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Playmate Dani Mathers Scheduled for Court Appearance After Body-Shaming Woman on Snapchat

According to the New York Daily News, the trial is scheduled to take place on May 26

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Playmate Dani Mathers is scheduled to appear in court after publically body-shaming a woman on Snapchat.

Last July, Mathers took a photo of a woman in a L.A. Fitness facility. The 70-year-old woman was showering after a workout. Mathers then posted the photo to Snapchat with the caption, “If I can’t unsee this then you can’t either.” The next Snapchat photo she posted immediately afterwards was a selfie of Mathers looking shocked, with her hand over her mouth.

L.A. Fitness almost immediately banned Mathers from all locations. Additionally, she was fired from her job with a Los Angeles radio station.

After the repercussions, Mathers apologized on social media, stating that she was “absolutely wrong” and that she didn’t mean to post the photo publically.

Before deleting her Snapchat account, Mathers shared a video stating, “I have chosen to do what I do for a living because I love the female body and I know that body shaming is wrong and that’s not what I’m about, that’s not the type of person I am.”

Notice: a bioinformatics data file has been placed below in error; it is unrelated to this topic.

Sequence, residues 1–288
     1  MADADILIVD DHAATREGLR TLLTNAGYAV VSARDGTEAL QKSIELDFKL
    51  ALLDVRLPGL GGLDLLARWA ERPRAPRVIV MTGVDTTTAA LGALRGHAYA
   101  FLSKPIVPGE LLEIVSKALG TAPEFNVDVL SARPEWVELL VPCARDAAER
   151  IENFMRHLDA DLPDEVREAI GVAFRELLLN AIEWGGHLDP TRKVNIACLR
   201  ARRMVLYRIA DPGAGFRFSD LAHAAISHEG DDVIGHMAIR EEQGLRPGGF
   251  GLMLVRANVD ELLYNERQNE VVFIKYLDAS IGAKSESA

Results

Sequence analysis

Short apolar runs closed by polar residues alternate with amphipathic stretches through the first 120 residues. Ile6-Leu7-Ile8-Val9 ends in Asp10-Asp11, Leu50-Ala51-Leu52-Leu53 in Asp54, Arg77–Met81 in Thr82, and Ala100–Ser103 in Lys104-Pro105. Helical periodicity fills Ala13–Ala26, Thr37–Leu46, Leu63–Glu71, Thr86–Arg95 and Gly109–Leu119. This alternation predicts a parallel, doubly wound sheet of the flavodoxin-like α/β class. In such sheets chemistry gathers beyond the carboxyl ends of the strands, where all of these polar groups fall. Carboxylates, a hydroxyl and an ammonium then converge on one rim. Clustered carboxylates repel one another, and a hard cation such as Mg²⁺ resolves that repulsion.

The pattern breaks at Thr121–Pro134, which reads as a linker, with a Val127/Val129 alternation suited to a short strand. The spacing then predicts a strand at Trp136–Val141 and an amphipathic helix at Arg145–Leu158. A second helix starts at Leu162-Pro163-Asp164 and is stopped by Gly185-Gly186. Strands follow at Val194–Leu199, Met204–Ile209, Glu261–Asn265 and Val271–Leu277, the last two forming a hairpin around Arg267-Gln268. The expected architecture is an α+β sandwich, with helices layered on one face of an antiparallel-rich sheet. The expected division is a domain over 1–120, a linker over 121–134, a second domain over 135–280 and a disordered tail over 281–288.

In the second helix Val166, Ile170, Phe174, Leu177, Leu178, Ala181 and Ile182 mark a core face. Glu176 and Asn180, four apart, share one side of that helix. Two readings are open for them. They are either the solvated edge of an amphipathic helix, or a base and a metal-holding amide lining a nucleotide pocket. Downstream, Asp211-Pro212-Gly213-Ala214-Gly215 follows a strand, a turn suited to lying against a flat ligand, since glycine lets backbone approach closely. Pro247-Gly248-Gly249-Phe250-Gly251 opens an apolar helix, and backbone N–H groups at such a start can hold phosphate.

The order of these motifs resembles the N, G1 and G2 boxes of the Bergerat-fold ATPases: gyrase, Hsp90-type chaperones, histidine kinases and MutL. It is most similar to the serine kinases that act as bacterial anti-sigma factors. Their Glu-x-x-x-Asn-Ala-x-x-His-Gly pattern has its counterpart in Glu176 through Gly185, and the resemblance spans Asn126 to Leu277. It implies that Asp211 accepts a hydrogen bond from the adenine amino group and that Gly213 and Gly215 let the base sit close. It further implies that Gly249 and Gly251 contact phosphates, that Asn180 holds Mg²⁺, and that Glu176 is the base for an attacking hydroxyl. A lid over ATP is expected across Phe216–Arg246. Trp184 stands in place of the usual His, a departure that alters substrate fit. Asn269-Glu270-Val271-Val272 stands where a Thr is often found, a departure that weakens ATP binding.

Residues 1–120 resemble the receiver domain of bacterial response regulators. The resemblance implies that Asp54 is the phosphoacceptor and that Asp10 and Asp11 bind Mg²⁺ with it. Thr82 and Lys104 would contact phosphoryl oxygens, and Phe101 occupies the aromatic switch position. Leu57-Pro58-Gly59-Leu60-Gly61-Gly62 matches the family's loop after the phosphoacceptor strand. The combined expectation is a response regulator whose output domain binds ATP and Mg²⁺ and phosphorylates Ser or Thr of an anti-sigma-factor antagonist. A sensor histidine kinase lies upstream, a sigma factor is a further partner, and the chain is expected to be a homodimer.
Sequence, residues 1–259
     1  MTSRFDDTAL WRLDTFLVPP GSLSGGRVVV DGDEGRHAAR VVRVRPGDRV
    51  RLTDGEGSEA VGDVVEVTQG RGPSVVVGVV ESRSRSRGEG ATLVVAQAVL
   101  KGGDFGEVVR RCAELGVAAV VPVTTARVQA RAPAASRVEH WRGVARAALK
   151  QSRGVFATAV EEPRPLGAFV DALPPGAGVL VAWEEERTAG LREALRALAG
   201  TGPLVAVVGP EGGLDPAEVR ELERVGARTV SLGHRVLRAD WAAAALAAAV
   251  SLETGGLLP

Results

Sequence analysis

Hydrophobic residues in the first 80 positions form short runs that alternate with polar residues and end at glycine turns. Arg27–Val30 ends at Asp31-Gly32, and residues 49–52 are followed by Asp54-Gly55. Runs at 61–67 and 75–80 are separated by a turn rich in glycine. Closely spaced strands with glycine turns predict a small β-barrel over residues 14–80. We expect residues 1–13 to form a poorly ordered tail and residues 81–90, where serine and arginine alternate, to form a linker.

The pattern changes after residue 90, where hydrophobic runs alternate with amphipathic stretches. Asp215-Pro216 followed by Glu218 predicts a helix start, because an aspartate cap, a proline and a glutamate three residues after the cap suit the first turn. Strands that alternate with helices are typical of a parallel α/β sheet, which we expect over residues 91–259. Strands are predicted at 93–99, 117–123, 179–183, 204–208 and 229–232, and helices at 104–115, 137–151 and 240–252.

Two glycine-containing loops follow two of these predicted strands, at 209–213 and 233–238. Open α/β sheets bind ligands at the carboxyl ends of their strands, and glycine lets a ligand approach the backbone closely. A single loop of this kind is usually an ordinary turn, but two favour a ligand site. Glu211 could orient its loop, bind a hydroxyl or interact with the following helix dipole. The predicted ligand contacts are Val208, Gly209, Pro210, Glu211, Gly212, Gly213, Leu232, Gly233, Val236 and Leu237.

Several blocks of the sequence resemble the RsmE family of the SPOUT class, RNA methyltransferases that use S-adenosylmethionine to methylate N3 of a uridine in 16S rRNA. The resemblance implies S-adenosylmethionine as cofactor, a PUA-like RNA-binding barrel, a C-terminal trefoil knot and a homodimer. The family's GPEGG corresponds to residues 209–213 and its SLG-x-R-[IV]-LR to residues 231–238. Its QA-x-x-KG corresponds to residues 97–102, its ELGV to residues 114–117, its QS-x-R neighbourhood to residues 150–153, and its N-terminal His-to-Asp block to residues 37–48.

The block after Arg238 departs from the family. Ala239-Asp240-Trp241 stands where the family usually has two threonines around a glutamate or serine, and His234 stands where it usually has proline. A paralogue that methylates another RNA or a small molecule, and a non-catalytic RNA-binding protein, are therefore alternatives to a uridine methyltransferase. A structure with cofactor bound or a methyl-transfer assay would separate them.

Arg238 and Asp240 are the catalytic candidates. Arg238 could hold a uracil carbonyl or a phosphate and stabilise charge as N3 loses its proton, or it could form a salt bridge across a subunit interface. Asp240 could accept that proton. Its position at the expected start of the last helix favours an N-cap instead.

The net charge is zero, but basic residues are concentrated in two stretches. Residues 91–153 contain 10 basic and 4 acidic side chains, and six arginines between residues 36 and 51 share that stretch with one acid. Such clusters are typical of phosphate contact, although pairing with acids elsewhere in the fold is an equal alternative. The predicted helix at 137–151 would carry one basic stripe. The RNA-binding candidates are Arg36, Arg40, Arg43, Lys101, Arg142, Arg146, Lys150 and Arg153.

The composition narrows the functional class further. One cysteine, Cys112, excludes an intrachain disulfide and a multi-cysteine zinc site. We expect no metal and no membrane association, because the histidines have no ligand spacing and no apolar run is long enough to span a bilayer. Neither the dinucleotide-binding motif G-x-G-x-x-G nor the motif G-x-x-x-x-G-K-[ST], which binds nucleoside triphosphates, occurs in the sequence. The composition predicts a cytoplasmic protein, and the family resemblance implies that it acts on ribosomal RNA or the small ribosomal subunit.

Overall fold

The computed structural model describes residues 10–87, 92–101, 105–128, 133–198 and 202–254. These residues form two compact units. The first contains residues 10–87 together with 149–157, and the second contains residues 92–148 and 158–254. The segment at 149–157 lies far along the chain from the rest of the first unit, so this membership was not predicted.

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Authorities tracked down the elderly woman and told her that they intended to charge Mathers with dissemination of private images. The charge can potentially carry a six-month prison sentence.

California law prohibits photographing or filming an “identifiable person” in a private area without their consent. Mathers’ charge is considered a misdemeanor invasion of privacy.

Dana Cole, Mathers’ attorney, argued on Monday that because the woman in the photo wasn’t “easily” identified, the law did not apply in this situation.

“This was a far-away shot, and the victim, her features cannot be identified,” Cole explained.

The LAPD disagrees. Los Angeles City Attorney Mike Feuer explains, “Body-shaming is humiliating, with often painful, long-term consequences. It mocks and stigmatizes its victims, tearing down self-respect and perpetuating the harmful idea that our unique physical appearances should be compared to air-brushed notions of ‘perfect.'”

“While body-shaming, in itself, is not a crime, there are circumstances in which invading one’s privacy to accomplish it can be,” he added. “And we shouldn’t tolerate that.”


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